The last few weeks have been unsettling. There is a foreboding and unease about radical Islam, the fear, to paraphrase Winston Churchill that “the whole world, including the United States, including all that we have known and cared for, will sink into the abyss of a new Dark Age made more sinister, and perhaps more protracted, by the lights of perverted science.”
Churchill inserted this last sentence of his 23 page typed speech with a red pen. Many historians have speculated about why he decided to close with such a warning and what he meant by perverted science.
In an article in The New Atlantis, Justin Lyons observes that Sir Winston was referring to the Nazi’s use of technology to wipe out Western civilization. In one of his many books, Churchill wrote: The material progress that science offers is “really only valuable in so far as it liberates the innate goodness of the human heart. It would not be a blessing but a curse if it rolled forward uncontrolled by the moral principles of simple decent men and women. It can never be our salvation. It may be our doom.”
The Nazis – as do the radical Islamist states of today – seek to use technology to obliterate, imprison and enslave humanity, to pave over the moral principles of most decent men and women and rebuild society according their worldview. These two evil forces have in common a belief that have absolute certainty.
As Jacob Bronowski, biologist and philosopher wrote in “The Ascent of Man”:
The Principle of Uncertainty fixed once for all the realisation that all knowledge is limited. It is an irony of history that at the very time when this was being worked out there should rise, under Hitler in Germany and other tyrants elsewhere, a counter-conception: a principle of monstrous certainty. When the future looks back on the 1930s it will think of them as a crucial confrontation of culture as I have been expounding it, the ascent of man, against the throwback to the despots' belief that they have absolute certainty.
We must guard against this mindset ourselves. Bronowski assert that Heisenberg’s Uncertainty Principle should be called the tolerance principle. As Simon Critchley notes: “The relationship between humans and nature and humans and other humans can take place only within a certain play of tolerance. Insisting on certainty, by contrast, leads ineluctably to arrogance and dogma based on ignorance. “
This lack of tolerance shows up in the discourse and debates of today. Setting aside the campus “crybullies” who have captured our attention, the current debate about drug prices – one of many over the past 50 years – is controlled by those who believe they have absolute certainty that by rationing drugs based on their measure of what a life is worth or what institutions they control should pay, we can save money and sustain medical innovation.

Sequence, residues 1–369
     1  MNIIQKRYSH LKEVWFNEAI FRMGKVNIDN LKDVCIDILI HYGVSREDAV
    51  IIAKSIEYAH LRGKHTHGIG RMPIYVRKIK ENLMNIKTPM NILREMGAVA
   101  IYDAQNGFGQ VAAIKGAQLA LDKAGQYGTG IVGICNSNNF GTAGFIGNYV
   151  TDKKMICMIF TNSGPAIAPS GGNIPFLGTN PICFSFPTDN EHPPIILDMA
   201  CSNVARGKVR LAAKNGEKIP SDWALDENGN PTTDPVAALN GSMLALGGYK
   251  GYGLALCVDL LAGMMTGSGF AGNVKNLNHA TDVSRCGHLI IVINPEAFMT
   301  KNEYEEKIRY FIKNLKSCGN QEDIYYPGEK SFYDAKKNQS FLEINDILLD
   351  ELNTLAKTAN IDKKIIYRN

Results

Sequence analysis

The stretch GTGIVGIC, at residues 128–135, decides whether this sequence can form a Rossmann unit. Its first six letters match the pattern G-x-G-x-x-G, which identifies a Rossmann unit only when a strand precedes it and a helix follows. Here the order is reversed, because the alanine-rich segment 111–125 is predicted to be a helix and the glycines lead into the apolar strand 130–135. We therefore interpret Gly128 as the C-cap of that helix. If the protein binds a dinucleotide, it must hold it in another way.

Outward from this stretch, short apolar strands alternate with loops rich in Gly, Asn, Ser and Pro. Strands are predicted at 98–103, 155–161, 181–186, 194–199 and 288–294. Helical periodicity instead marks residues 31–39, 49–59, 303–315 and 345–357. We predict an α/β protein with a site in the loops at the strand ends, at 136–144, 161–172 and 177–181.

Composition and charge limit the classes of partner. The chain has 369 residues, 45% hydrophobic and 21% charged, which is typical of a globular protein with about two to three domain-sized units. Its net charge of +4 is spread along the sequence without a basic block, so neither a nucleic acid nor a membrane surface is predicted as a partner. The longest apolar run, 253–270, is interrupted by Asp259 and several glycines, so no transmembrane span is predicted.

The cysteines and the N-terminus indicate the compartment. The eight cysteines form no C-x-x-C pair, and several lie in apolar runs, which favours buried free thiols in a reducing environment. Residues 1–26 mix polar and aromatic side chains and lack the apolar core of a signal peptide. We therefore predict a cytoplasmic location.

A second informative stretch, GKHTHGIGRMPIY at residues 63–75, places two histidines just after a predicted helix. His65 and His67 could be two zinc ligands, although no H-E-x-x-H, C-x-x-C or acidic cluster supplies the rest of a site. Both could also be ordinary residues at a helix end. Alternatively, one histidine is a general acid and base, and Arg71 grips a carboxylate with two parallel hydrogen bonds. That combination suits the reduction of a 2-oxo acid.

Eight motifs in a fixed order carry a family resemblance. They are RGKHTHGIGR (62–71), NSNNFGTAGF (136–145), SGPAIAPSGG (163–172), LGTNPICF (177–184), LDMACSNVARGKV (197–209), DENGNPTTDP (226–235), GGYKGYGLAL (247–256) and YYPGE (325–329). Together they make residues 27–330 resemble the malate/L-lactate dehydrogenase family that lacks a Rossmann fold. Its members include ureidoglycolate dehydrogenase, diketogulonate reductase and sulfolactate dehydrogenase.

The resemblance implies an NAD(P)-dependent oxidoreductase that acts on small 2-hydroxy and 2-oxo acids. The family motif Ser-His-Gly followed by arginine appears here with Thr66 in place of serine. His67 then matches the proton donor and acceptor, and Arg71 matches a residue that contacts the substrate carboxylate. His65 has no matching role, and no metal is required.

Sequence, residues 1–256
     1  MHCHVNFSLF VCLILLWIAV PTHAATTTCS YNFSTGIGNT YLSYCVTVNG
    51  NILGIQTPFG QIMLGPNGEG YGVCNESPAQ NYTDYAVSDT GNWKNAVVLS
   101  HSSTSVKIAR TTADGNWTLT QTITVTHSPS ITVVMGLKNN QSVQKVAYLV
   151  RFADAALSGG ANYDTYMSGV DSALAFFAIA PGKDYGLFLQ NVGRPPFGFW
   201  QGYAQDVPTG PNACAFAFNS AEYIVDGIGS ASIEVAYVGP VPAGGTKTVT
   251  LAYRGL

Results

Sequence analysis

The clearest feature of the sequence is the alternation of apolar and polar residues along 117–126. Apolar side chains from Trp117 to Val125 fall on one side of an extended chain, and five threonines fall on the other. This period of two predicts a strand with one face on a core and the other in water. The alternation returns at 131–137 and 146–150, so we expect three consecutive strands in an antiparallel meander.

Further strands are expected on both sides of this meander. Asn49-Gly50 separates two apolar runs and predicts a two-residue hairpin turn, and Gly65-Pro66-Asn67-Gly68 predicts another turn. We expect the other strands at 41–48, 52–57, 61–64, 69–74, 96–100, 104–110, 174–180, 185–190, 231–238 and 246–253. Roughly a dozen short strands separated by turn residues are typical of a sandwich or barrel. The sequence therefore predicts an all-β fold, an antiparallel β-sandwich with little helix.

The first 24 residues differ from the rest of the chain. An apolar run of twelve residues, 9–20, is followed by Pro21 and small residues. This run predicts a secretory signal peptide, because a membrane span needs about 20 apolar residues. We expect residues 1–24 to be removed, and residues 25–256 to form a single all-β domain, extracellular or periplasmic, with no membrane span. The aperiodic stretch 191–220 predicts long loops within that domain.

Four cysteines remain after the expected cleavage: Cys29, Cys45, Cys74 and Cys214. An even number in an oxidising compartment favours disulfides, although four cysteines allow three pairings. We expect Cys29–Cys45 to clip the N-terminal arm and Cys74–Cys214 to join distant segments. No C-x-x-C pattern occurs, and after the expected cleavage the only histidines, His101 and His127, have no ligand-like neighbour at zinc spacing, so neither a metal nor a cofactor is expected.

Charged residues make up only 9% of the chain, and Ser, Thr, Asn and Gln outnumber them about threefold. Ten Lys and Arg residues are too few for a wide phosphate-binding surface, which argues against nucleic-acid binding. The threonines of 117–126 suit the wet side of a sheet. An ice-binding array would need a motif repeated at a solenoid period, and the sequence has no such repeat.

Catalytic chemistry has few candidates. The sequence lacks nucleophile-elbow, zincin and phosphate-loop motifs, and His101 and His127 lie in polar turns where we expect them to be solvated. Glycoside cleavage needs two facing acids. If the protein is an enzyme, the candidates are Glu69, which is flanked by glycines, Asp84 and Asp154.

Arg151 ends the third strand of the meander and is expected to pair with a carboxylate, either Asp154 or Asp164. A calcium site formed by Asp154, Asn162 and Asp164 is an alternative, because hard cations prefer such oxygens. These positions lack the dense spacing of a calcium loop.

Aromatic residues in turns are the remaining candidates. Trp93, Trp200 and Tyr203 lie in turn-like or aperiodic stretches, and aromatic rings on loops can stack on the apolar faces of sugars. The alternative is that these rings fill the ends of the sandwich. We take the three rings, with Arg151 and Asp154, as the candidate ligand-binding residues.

Whereas, human knowledge is personal and responsible, an unending adventure at the edge of uncertainty, there are those who wish to subvert science to their specific social and political agenda. They justify restricting access to new medicines and reducing drug prices without reducing the risk and cost of developing treatments by claiming – with absolute certainty – that doing so is necessary to keep America from going bankrupt and that doing so would actually increase innovation.
As I have written elsewhere, if the absolutists had won the day in the times past when they proposed the same policies, we would be bereft of the many medicines for HIV, TB, heart disease and various cancers that saved lives and transformed a difficult problem into a world filled with opportunity. We would die sooner, suffer more, love, learn and live less.
I am thankful to pharma for it is truly – warts and all – the most fruitful, sustained investment in the most personal and responsible manifestation of human knowledge: increasing the sustainability of humankind. It is the highest, most human use of free market capitalism and technology the world has ever seen. Pharma has contributed more good to our planet in a shorter period of time than any other commercial enterprise, precisely because it is always pushing back against certainty, against what is already known. And yes, at the core of this enterprise is not just a moral code, but a moral code that has shaped decent and just societies throughout history; every life – no matter who or where or how sick – has absolute value.
To pursue or use science to replace that moral code (with QALYs based on comparative effectiveness) is to pervert science anew.